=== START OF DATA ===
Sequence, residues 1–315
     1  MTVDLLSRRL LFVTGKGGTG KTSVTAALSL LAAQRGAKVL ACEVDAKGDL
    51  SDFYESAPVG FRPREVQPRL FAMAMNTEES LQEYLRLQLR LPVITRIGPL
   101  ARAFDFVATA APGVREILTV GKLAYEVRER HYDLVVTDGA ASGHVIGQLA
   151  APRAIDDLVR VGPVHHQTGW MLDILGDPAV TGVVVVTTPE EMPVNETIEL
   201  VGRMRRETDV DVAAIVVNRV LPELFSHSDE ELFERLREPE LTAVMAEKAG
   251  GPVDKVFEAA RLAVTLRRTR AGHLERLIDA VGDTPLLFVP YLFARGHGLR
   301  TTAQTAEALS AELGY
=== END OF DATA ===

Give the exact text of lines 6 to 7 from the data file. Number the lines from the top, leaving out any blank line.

   201  VGRMRRETDV DVAAIVVNRV LPELFSHSDE ELFERLREPE LTAVMAEKAG
   251  GPVDKVFEAA RLAVTLRRTR AGHLERLIDA VGDTPLLFVP YLFARGHGLR